- Isaiah 7:10-17
- Romans 1:1-7
- Matthew 1:18-25
Advent 4, Year A
Main Text (Hover for Text)
This Sunday’s Gospel text revolves around scandal. As we have said elsewhere in Preaching Peace, “scandal” is an important category in mimetic theory. It is also an incredibly important element in the Gospels. When Peter rebukes Jesus for his first prediction of the Passion, Jesus says of Peter, “You are a scandal to me!” When Jesus instructs his followers not to cause the “little ones” to sin, he tells them not to “scandalize” the little ones. When Jesus speaks to his followers at the Last Supper, tells them that they will “fall away” on account of him that night, he says that they will “be scandalized” by him.
Scandal is caused by mimetic desire. It is the result of gradually escalating rivalry that leads the one scandalized to violence, to the scapegoating process. Jesus uses hyperbolic language (“Cut off your hand!”) to indicate how terribly important it is that we not cause scandal to one another as believers. Paul does the same thing. (1 Corinthians 10:31-11:1) And yet both Jesus and Paul maintain that Jesus and the Gospel will be a scandal to those still embroiled in mimetic conflict. Indeed, one of the marks of the in-breaking of the reign of God will be scandal. Of that we can be certain. At the moment of Jesus’ crucifixion, all his disciples “fell away” (were scandalized) at the revelation of God’s purpose and methods.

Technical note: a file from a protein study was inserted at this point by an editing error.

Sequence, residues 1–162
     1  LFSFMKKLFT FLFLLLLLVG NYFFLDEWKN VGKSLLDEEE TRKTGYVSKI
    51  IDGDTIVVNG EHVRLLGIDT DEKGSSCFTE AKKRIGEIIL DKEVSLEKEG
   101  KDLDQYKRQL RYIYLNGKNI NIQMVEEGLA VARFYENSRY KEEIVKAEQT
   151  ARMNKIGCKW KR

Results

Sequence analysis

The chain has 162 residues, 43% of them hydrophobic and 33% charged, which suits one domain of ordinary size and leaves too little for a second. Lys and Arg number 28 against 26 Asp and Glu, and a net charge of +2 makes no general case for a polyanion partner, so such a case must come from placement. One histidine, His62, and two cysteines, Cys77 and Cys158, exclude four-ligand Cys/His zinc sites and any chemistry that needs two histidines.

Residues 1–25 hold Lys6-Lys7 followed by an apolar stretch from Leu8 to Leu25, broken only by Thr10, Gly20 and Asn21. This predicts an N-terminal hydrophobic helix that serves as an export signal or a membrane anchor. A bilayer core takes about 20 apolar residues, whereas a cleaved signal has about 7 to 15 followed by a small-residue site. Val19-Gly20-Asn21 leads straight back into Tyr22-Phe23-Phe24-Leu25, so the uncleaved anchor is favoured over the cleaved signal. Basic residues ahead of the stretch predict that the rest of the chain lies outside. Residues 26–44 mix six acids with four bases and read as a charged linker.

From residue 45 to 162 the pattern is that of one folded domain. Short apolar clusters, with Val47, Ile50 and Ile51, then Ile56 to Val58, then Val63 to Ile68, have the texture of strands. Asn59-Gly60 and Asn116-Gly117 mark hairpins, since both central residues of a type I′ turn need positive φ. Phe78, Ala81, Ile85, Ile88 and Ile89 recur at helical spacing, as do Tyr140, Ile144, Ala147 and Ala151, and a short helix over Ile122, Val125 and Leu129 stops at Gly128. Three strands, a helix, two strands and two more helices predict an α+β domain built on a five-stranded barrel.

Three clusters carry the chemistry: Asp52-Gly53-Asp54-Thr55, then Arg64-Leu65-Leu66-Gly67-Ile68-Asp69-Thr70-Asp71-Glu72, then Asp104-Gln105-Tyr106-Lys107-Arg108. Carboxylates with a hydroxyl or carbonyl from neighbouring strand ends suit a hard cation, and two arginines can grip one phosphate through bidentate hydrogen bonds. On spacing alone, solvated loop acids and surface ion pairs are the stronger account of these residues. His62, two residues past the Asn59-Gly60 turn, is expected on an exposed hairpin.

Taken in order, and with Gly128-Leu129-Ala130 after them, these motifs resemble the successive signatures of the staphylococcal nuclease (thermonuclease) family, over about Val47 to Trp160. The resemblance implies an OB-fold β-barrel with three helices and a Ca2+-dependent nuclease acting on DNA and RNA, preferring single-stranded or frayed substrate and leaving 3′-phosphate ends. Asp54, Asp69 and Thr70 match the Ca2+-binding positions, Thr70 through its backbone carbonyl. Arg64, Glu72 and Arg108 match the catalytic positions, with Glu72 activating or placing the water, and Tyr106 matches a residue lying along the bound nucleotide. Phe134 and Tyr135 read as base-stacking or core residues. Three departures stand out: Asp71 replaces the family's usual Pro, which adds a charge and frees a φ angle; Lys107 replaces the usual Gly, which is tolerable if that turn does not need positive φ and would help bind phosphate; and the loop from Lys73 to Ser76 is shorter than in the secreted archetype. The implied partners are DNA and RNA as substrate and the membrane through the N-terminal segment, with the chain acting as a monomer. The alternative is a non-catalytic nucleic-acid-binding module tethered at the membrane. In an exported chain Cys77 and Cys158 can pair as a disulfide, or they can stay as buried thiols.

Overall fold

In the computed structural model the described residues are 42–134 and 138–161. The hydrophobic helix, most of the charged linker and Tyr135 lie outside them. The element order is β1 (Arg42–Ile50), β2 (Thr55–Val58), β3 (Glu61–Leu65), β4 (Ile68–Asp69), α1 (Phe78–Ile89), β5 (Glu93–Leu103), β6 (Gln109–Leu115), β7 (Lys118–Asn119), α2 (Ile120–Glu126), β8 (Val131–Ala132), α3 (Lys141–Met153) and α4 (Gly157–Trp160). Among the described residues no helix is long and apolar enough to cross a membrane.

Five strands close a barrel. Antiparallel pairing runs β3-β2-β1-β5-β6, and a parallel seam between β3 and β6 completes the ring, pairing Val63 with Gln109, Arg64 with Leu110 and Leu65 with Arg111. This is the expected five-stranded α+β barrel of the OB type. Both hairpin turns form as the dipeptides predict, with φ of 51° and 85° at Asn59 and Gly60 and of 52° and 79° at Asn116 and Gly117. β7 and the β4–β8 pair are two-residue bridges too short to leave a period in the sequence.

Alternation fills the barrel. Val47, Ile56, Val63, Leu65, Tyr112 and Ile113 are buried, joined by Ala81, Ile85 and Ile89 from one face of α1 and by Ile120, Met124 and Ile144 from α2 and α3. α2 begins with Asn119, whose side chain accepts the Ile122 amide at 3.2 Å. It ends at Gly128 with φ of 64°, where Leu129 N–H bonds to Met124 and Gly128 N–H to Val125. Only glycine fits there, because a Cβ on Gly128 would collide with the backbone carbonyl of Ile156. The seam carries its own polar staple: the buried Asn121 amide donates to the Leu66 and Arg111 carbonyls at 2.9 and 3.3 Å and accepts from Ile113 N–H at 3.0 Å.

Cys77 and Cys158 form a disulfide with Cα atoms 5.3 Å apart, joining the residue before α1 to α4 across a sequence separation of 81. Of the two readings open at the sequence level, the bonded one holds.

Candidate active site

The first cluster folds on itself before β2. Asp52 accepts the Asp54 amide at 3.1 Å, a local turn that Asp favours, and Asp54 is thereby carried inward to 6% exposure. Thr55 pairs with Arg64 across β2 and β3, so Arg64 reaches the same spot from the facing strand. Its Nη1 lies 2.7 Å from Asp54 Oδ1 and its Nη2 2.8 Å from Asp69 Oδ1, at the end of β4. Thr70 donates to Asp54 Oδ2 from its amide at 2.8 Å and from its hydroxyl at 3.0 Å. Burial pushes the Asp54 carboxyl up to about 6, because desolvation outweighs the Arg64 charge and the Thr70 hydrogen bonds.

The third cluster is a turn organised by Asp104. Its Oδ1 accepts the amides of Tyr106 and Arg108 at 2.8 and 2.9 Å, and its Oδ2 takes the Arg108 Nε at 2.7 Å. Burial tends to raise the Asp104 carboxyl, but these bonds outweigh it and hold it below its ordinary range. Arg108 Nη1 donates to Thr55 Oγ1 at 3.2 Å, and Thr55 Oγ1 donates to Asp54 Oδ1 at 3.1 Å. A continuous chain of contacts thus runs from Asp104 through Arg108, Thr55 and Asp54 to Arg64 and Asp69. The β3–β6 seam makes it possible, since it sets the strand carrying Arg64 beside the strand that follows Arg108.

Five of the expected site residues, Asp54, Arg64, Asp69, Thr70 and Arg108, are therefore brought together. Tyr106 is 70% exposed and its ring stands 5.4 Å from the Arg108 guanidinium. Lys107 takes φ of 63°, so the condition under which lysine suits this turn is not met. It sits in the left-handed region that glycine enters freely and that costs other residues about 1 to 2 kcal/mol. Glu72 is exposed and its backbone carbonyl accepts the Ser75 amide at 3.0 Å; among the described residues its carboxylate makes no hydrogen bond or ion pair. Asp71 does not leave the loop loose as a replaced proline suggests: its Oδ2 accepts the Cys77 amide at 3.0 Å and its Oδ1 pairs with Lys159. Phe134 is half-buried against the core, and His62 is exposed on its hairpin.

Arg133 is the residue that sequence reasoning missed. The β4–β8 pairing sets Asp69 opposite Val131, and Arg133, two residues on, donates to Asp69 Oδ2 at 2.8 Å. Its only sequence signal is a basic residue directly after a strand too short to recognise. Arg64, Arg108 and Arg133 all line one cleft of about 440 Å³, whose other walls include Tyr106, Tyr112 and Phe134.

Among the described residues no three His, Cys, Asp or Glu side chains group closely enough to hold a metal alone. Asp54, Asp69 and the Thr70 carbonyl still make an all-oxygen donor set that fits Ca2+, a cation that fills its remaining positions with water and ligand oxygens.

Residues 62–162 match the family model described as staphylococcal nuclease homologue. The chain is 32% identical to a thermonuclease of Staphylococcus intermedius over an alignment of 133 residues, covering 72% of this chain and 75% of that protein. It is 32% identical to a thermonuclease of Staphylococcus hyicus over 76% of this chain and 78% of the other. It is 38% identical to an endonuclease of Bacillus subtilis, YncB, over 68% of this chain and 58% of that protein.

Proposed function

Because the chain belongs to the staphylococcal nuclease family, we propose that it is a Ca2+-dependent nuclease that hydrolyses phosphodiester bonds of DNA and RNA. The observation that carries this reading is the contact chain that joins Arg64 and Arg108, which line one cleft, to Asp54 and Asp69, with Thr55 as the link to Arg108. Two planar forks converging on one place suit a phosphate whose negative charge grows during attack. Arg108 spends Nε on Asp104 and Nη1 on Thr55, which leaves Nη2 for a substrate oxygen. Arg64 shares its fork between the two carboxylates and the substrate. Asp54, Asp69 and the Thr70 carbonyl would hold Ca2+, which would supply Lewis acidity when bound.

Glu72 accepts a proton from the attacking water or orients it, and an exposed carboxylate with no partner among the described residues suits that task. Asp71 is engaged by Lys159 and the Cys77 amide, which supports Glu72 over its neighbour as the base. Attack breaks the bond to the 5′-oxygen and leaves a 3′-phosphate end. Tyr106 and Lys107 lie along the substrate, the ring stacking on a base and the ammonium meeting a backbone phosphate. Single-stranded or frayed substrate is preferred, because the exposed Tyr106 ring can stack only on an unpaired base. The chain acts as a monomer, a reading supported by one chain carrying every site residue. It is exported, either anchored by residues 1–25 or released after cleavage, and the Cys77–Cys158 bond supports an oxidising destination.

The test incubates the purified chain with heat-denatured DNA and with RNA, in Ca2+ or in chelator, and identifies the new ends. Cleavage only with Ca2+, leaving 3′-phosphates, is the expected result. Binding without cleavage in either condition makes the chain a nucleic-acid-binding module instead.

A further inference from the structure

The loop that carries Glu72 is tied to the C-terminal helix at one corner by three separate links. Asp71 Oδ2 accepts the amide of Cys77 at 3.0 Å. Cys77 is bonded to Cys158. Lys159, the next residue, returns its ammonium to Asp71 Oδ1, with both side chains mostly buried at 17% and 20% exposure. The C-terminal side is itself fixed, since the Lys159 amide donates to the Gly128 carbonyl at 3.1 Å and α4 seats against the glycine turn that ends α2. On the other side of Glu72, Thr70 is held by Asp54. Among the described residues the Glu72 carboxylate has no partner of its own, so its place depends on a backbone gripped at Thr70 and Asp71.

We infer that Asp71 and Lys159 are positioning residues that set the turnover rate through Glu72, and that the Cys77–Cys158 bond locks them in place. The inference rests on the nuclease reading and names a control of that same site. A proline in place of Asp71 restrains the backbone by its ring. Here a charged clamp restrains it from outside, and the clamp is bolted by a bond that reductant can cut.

And here, in the story of the beginning of Jesus’ life, a good and just man, Joseph, is scandalized at the discovery that God has acted, that Mary is with child. His compassion and goodness are made explicit in his determination to put her away quietly, to avoid shaming her or having her stoned (which he might have done), but finally, none of us, Joseph included, can avoid the snares of mimetic desire, and he plans to void the betrothal. Jesus begins and ends his life as scandal, and in the middle, he teaches us, “Blessed is the one who is not scandalized by me.” (We translate it “takes no offense at me.” Matthew 11:6)
It is important to read this scandal in the context of the scandalous genealogy Matthew has given as its prelude. Four women are named as part of the genealogy. Many commentators have noted this, and most of them note that all four of the women (Tamar, Rahab, Ruth, and “the wife of Uriah”) have somewhat scandalous sexual histories. Following immediately on the heels of this recitation of Jesus’ strange ancestry we have the story of the pregnancy of Mary by someone other than her husband. Only a direct revelation of the Holy Spirit prevents Joseph from acting on that scandalous revelation. No matter how good the individual, we are all victims of scandal, and we all see the Gospel as scandalous at some level.
We have already noted the peculiarities of the genealogy that precedes this week’s Gospel text. The importance of this context for the birth narrative cannot be overstated.